Stars unite in a magic musical tribute to Elvis

Date
Published in
Birmingham Evening mail (UK)

More than 20 of the world's top rock stars gathered in the Midlands for a two-hour TV special to mark the anniversary of Elvis Presley's death. Evening Mail pop write Paul Cole took a look behind the scenes during the recording of Central TV's rock spectacular 'Love me Tender'.

It was like a record store magically brought to life. You couldn't walk along a single corridor without bumping into a rock legend or a pop star. Turn a corner and you were chatting to Boy George; a few steps further and you met mighty Meat Loaf; a stroll back and there was jovial Jaki Graham.

They came from all round the world to gather at the giant Studio 7 in Central Television's Nottingham headquarters. They came to pay tribute to the King.

Nona Hendryx, Ben E. King, Meat Loaf, Duane Eddy and Carl Perkins jetted in from the States; Dr. Robert rushed from Paris, and Jaki Graham dashed from Malta.

Glimpse of the stars

Another limousine drew up outside to offer up Elvis' original backing band - James Burton, Glen Harding, Jerry Scheff and Ronnie Tutt - direct from America. The foursome were teamed up again for the first time since they worked with Elvis and later stormed through a set with former Who star Roger Daltrey.

(...) KIm Wilde, Elkie Brooks, Dave Edmunds, Kiki Dee, Ben E. King, Cozy Powell, P P Arnold and a star-studded supporting cast. The week began quietly enough, but gather the momentum of an express train. As the news spread the fans began to arrive on the doorstep to catch a glimpse of the stars. Curiously, Boy George fans clutching teddy bears far outnumbered the expected army of teddy boys. "We love you George!" they shouted. "You're the King for us!" Perhaps inspired by the fans George later went on to add a version of 'Teddy Bear' to his planned recording of 'Are You Lonesome Tonight'.

Inside the recently-built Studio 7 complex the stars were hard at work rehearsing. Birmingham soul queen Ruby Turner summed up the effort: "We all know Elvis songs - but how many people know the third or fourth verses?" Jaki Graham - Ruby's close friend and former partner - added: "All the hook-lines are there in your memory - but half the songs have to be learned all over again!"

In the dressing rooms there was organised chaos as the army of Central TV support staff looked after the needs of the superstar fan club. One make-up girl was dashing between two rooms to meet the very different demands her "charges" - blonde bombshell Kim Wilde and black beauty Ruby Turner.

As recording began there was a "family" feel about the studios. In each corner clusters of stars gathered, chatting about the old days and renewing friendships.

Memorable performances

"Remember the day we went to Graceland?" Boy George asked Ruby. "It was while we were on the Culture Club tour in the States. We went down there on the bus! It was nice to look round the place, but it was sad at the same time. I don't know how Elvis would have felt about it being turned into a museum."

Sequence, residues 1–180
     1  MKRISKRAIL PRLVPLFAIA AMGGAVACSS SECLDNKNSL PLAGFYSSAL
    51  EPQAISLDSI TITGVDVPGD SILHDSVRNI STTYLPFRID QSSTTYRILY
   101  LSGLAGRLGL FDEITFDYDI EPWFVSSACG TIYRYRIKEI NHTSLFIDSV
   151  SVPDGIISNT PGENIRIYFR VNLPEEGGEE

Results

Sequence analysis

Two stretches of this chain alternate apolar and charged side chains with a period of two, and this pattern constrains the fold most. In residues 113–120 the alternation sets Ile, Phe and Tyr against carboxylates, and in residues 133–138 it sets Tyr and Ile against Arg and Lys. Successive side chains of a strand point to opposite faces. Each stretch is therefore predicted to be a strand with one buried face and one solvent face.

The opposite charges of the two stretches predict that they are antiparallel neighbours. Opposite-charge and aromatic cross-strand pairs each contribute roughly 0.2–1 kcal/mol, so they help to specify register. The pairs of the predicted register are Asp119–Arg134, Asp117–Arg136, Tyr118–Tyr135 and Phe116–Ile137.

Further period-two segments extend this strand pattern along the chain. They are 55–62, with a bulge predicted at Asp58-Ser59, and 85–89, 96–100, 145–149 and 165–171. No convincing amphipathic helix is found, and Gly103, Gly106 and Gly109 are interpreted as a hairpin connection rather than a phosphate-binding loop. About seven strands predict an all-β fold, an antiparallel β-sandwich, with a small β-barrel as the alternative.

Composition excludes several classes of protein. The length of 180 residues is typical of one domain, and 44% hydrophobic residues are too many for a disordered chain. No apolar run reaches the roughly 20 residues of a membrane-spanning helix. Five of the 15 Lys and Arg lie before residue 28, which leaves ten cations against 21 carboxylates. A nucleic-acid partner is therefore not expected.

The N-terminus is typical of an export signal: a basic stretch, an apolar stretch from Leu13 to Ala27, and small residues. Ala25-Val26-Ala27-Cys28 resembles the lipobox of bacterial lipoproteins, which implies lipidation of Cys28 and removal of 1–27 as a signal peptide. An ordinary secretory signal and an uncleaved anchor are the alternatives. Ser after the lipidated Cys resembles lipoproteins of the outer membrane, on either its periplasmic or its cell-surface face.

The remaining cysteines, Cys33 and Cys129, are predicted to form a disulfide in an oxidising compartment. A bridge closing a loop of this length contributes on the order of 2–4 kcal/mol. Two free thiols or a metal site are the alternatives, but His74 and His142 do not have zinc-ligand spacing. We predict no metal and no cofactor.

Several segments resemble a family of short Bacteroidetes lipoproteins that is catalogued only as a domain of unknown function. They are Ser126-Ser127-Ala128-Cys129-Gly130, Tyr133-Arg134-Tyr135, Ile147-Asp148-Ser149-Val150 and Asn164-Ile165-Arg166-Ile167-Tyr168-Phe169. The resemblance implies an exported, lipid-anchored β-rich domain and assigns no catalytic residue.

Kim Wilde was talking family with guitar legend Duane Eddy. "I know your dad's work real well", said Duane, referring to British rock legend Marty Wilde. "You could say that rock and roll runs in my family", replied Kim. "I've always been a great fan of Presley music. He really was the King of rock and roll".

Carl Perkins told friends: "Elvis and I went back a long way. We were poor boys together. He was a phenomenal guy - nobody swung guitar like him!"

The performances were all memorable - with Kim Wilde's 'One night', Elkie Brooks's 'Love letters' and Ben E King's 'Suspicious Minds' particularly touching.

Roger Daltry sang with Carl Perkins 'Hound Dog', and Ruby Turner, Jaki Graham and Nona Hendryx teamed up for a version of  'The Wonder Of You'. And the Pet Shop Boys star Neil Tennant, may go on to record one of his songs as a result. After recording 'Always On My Mind' he said: "We may release it as a future B-side."

Equally moved was Meat Loaf after his emotional re-work of 'American Trilogy'. "I may just record this for a single", he said, "I'd forgotten how good it was!"

Historic occasion

Show director Jon Scoffield said: "Other people are doing Elvis documentaries using archive film - Elvis in the army; Elvis on the Ed Sullivan Show. But surely showbiz is about the show going on, and the songs still being sung. If Elvis were still here, he'd still be singing. I think he'd be pleased with the show."

As the final sessions drew to a close at the end of the week it was left to Roger Daltrey to sum up the historic occasion. "Quite simply, Elvis was the person who inspired me to become a rock star", he said. As you looked round famous faces were all nodding in agreement.